Edinburgh Research Explorer

Alpha helices are more robust to mutations than beta strands

Research output: Contribution to journalArticle

Related Edinburgh Organisations

Access status

Open

Documents

  • Download as Adobe PDF

    Final published version, 2 MB, PDF-document

    License: Creative Commons: Attribution (CC-BY)

Original languageEnglish
Article numbere1005242
JournalPLoS Computational Biology
Volume12
Issue number12
DOIs
StatePublished - 9 Dec 2016

Abstract

The rapidly increasing amount of data on human genetic variation has resulted in a growing demand to identify pathogenic mutations computationally, as their experimental validation is currently beyond reach. Here we show that alpha helices and beta strands differ significantly in their ability to tolerate mutations: helices can accumulate more mutations than strands without change, due to the higher numbers of inter-residue contacts in helices. This results in two patterns: a) the same number of mutations causes less structural change in helices than in strands; b) helices diverge more rapidly in sequence than strands within the same domains. Additionally, both helices and strands are significantly more robust than coils. Based on this observation we show that human missense mutations that change secondary structure are more likely to be pathogenic than those that do not. Moreover, inclusion of predicted secondary structure changes shows significant utility for improving upon state-of-the-art pathogenicity predictions.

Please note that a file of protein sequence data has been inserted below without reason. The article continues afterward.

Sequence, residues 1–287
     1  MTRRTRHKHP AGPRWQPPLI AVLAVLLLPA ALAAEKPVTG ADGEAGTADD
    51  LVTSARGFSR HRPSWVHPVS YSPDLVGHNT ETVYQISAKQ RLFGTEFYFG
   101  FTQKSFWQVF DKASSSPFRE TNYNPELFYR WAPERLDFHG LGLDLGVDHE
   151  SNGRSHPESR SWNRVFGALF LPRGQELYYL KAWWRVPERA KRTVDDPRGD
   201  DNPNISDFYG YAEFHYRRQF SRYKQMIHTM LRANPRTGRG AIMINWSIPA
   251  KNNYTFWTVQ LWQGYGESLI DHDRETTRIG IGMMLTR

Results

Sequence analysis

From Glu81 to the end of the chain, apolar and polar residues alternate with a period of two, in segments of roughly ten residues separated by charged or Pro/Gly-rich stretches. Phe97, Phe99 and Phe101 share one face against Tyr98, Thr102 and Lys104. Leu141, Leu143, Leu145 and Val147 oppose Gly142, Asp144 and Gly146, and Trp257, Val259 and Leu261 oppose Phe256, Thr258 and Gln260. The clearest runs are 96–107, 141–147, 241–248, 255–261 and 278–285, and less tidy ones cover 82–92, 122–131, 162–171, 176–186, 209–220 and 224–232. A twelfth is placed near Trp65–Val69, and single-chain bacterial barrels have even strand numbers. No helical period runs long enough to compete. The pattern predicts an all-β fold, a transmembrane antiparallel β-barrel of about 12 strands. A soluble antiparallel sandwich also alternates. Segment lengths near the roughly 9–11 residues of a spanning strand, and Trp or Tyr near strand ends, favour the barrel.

Download statistics

No data available

ID: 29089680